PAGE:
Rutland Herald Clears Up Romney Prep Location…

A very thorough local backgrounder on the folks — The Healeys — who will be hosting Republican Presidential Nominee Mitt Romney at their home in Vermont this week.

We found this article by Susan Smallheer  at www.vermonttoday.com. She spoke extensively to Tom Kenyon of West Windsor:

 

By SUSAN SMALLHEER Staff Writer

WEST WINDSOR — Republican presidential hopeful Mitt Romney is headed this week to a hilltop retreat in the tiny town of West Windsor to prepare for his upcoming debates with President Barack Obama.
Romney is expected in Vermont on Tuesday at the $3.9 million, gated vacation home of his former Massachusetts lieutenant governor, Kerry Healey, which has been described by locals as a “starter palace.”
Romney, who is currently at his vacation home in New Hampshire, is expected to stay in Vermont for three days, his stay coinciding with the Democratic National Convention in Charlotte, N.C.
National media, including the Los Angeles Times, the Washington Post and Politico.com, reported that Romney was headed to Vermont, one of the bluest of politically blue states, despite its namesake Green Mountains. A Romney campaign spokesman described the location as “remote” and “mountainous,” but erroneously listed Healey’s home as being in nearby Reading.
In 2008, Vermont went overwhelmingly in favor of Obama, second only to Obama’s home state of Hawaii. West Windsor was no different, voting 68.1 percent in favor of Obama, with 30.9 percent for Sen. John McCain. Romney never campaigned in Vermont before its presidential primary in March, instead sending former N.H. Gov. John Sununu.
Ohio Sen. Rob Portman is expected to join Romney at Healey’s home for the debate work. Portman played Obama during McCain’s debate preparation so well, according to published reports, that McCain’s wife, Cindy, wouldn’t talk to him afterward.
Healey’s 143-acre home is deep in the exclusive horse country in the northwest corner of West Windsor, near South Woodstock and Reading, said Tom Kenyon, a member of the West Windsor Select Board and a lifelong Republican.
The home was described by a neighbor as a “starter palace” in a Boston Globe story in 2006, which detailed the wealth of Healey, who was then running for governor of Massachusetts, and her husband, Sean, a money manager based near Boston.
Kenyon laughed and said the Healey home was “just your average West Windsor home,” currently assessed at $3.9 million, one of only a handful of properties in that price range in the town.
Kenyon, who is chairman of the West Windsor Republican Committee, said he was unaware of Romney’s upcoming visit, and he said he had never met Healey, who has been seen at the Woodstock Farmers’ Market.
He said the town, whose population is just over 1,000 and which has only an elected part-time constable for law enforcement, was unaware of the presidential contender’s visit and had nothing planned.
Healey and her husband have owned the property on Rush Meadow Road for about 10 years. Kenyon said the couple had built the home on a hilltop and had a fabulous view. He said the home was not visible from the road, which is dirt.
He said the entrance to the house, which he had visited, was near a large beaver pond.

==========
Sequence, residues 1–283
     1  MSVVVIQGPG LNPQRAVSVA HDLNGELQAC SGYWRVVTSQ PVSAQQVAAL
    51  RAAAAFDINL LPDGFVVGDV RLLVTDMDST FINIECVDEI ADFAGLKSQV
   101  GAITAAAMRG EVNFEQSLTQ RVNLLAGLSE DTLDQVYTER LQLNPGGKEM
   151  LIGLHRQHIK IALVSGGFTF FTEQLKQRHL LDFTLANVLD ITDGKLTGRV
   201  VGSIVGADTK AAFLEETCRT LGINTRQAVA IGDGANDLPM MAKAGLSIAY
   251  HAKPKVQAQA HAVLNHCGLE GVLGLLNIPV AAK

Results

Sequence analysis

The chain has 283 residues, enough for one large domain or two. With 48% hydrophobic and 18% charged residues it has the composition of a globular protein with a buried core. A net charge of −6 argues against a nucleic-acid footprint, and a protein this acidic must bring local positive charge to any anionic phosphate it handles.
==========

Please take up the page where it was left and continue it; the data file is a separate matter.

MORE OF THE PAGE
Jack Lindley, chairman of the Vermont Republican Party and chairman of the Romney campaign in the state, said Sunday it was too soon to say whether Romney would make any public appearances while in Vermont. Lindley had just returned from the Republican National Convention in Tampa.
“I’ll know a lot more in 24 hours,” said Lindley, who said that Vermont was the perfect place to prepare for a presidential debate, offering peace and quiet and fresh air.
The Healeys were part of a group of five homeowners who sued the town of West Windsor over their property tax appraisals back in 2003. The case went all the way to the Vermont Supreme Court, with the town losing in a 2004 decision.
According to published reports at the time, the Healeys saved $7,000 a year off their original $14,000 tax bill as a result. The existing house and barns, part of an Arabian horse farm, was valued at $700,000 by the town, and cut to $370,000 assessed value as part of the lawsuit.
Its value increased when the Healeys built a new home valued at $2 million in 2006. The property is currently assessed at $3.9 million on the West Windsor grand list, Kenyon said.
The state’s high court faulted the town for undervaluing some properties, and not having tax uniformity.
Romney carried Vermont during March’s primary, with 39.5 percent of the vote to Ron Paul’s 25.3 percent and Rick Santorum’s 23.6 percent.

All three 2012 presidential debates will be held in October.

 

One response to this post.

  1. Posted by Mary Loren on September 4, 2012 at 13:12

    When one has made your money off “other people’s money” it is them easy to be powerful and throw your weight around against a little community. I wonder how many services the town is providing for the Healey’s? How many more examples like this we could find for those who support Romney. If only the “common person – working man/woman” could understand who they are voting for and who has their best interest at heart.

    “According to published reports at the time, the Healeys saved $7,000 a year off their original $14,000 tax bill as a result. The existing house and barns, part of an Arabian horse farm, was valued at $700,000 by the town, and cut to $370,000 assessed value as part of the lawsuit.
    Its value increased when the Healeys built a new home valued at $2 million in 2006. The property is currently assessed at $3.9 million on the West Windsor grand list, Kenyon said.
    The state’s high court faulted the town for undervaluing some properties, and not having tax uniformity.”

    Like

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